Magazine article New Internationalist

For Better or for Worse

Magazine article New Internationalist

For Better or for Worse

Article excerpt

It's 7am and the village of Sokoma is coming to life. The regular thump of wood pounding cassava echoes around; children are dancing to solar-powered radios lined up on a porch. Others are crouched around a saucepan shovelling in handfuls of rice for breakfast.

Ebola stole into Sokoma in the remote eastern-most district of Kailahun along one of the footpaths that snake out of the village into neighbouring Guinea. The only clue that the disease ever visited this place now is a shuttered-up, silent dwelling. And the graphic Ebola 'signs and symptoms' warning posters, which are plastered all over Mamie Lebbi's house.

The first person to test positive for the virus in Sierra Leone, Mamie Lebbi was also among the first to survive it. She sits for the interview with a look of irritation that she will wear throughout. A lean, powerful woman in her early forties, she gives the impression of one who does not tolerate fools gladly. Her smaller, more genial husband, looks on.

Despite her landmark status, she missed out on a 'survivor's certificate' that would bring with it free access to high-quality healthcare and funds. And she is royally sick of being questioned. She is now looking after three Ebola orphans, as well as five children of her own.

When Ebola came it was unknown to us.

That's why so many people died.

My best friend Siawanda brought the disease through a small village called Kpundo close to here. She is free and open with everybody, so she had helped to wash the body of a friend that died in Guinea. Then she got sick. Anyone who touched Siawanda died: her aunty, three of her children and all the doctors that treated her.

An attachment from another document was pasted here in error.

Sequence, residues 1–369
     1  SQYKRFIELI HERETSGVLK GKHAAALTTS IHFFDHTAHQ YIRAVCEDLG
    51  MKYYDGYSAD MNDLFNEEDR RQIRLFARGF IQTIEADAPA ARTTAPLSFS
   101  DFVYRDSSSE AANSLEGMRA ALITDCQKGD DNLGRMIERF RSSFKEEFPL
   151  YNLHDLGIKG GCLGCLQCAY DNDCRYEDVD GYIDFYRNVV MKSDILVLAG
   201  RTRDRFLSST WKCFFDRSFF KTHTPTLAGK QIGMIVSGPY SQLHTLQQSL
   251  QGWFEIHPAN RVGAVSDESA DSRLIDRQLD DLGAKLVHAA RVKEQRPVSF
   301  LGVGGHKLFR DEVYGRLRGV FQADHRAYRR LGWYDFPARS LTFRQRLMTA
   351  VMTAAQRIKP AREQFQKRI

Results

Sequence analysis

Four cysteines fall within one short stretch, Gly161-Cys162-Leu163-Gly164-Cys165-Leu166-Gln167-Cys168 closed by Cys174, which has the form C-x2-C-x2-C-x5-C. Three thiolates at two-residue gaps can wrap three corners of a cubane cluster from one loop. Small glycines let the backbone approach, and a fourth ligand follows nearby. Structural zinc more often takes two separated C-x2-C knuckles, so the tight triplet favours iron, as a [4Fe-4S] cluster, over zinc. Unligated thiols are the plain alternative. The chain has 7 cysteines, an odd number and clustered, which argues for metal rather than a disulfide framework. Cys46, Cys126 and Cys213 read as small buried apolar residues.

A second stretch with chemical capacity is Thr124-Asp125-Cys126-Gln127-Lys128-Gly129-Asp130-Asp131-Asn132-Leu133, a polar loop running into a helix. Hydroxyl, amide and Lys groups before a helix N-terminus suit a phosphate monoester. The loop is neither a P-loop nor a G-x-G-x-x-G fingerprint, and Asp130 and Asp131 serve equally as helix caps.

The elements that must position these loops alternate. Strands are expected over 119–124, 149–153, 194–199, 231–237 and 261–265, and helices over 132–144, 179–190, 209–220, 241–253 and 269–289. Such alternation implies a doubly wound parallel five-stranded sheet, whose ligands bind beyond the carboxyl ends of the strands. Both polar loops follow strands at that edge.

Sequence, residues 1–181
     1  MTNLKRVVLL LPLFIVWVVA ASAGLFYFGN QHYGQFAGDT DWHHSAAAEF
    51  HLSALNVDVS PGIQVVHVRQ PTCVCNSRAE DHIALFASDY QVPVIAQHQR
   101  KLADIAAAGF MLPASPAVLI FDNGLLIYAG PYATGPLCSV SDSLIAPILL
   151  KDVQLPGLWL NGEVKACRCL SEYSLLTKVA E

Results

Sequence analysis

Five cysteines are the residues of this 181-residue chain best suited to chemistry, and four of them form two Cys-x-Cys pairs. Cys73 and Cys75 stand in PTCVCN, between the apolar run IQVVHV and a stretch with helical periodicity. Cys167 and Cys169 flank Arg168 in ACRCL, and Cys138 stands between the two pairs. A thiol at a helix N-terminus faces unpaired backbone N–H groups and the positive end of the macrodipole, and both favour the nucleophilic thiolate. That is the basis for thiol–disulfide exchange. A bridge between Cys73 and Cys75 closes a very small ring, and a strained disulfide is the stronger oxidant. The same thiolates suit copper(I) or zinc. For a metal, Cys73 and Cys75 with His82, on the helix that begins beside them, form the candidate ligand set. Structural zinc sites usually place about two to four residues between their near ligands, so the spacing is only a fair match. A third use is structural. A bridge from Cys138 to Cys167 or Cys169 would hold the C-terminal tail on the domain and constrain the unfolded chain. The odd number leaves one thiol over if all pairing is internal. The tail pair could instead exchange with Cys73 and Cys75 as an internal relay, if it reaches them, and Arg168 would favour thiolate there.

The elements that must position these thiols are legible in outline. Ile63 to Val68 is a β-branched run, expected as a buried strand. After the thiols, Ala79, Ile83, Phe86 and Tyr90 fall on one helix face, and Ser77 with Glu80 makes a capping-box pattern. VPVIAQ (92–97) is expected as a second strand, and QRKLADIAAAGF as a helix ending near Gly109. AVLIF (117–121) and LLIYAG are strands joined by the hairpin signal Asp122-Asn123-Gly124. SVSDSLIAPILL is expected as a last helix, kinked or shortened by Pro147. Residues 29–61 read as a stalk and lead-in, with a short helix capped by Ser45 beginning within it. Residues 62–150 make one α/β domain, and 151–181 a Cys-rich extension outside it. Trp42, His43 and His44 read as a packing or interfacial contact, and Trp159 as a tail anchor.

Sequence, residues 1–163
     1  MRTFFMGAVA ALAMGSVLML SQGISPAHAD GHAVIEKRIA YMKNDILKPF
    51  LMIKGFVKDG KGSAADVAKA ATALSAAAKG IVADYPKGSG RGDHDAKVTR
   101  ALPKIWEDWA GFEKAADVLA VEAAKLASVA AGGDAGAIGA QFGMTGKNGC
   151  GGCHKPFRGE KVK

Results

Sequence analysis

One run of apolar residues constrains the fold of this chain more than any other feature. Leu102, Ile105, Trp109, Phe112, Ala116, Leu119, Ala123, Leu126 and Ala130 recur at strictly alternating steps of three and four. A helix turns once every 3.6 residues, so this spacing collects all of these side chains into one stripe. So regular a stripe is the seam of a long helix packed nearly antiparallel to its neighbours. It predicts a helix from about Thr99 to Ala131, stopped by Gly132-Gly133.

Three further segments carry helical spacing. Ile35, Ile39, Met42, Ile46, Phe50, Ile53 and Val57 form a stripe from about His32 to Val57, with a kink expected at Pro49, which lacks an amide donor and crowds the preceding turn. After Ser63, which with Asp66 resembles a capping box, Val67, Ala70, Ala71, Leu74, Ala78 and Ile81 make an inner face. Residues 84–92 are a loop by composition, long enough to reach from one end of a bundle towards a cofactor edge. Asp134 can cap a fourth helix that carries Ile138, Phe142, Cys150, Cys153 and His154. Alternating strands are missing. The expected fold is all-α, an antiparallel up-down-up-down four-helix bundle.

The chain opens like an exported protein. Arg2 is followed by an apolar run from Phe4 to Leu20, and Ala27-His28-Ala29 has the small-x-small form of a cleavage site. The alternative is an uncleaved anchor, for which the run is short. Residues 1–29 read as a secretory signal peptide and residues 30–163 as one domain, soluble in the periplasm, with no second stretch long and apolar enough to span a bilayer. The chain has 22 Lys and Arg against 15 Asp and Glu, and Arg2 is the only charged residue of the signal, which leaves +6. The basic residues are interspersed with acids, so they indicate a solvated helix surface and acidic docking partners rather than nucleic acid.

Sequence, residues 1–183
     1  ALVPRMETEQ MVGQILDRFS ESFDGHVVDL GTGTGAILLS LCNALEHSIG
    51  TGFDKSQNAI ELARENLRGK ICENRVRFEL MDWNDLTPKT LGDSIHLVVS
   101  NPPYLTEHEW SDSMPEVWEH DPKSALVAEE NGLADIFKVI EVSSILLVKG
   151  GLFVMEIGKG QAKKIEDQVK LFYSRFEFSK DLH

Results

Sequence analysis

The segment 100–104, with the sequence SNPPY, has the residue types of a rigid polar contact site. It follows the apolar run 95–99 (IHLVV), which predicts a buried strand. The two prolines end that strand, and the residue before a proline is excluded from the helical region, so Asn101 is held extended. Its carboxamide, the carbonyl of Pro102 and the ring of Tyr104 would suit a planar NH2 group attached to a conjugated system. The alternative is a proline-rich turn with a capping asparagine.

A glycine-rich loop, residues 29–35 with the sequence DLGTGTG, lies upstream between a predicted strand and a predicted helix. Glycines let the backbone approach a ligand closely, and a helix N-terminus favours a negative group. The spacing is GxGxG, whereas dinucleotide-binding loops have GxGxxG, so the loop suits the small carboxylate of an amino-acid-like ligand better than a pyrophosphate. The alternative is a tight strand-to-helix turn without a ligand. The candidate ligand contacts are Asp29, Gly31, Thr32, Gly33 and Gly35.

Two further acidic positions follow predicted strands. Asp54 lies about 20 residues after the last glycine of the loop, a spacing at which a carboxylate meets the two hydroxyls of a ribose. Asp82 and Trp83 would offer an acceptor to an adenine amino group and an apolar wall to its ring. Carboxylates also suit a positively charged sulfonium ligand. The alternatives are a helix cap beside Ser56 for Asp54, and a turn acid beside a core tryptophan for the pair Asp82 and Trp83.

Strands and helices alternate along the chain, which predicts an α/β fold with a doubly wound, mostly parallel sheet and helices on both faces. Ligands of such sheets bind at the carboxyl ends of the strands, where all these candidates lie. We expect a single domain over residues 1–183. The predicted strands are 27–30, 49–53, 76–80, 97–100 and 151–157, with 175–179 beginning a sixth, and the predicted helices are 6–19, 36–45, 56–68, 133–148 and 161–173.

Her eldest daughter brought the virus back to Sierra Leone. Soon, people were dying everywhere; no-one knew why. People thought it must be cholera - we had never had that here - and no-one was vomiting blood like on the government Ebola posters.

My husband's sister caught the disease, then his mother. I took care of her here in the village, and got infected. I went to the clinic in Koindu [eleven kilometres away], where they treated me with drips, as if it were cholera.

They took a blood sample from me. After a week it came back positive for Ebola. I was very afraid; now I was sick I expected to die within 21 days.

A team came to take me to Kenema hospital [site of Sierra Leone's only isolation unit, set up for Lassa fever infections]. I trusted the clinic in Koindu but I did not want to go to that hospital. I knew that Mercy, a nurse from the clinic, had died there and I was fearful that I would not survive the journey. And that, if I died there, my people would never see my grave. …

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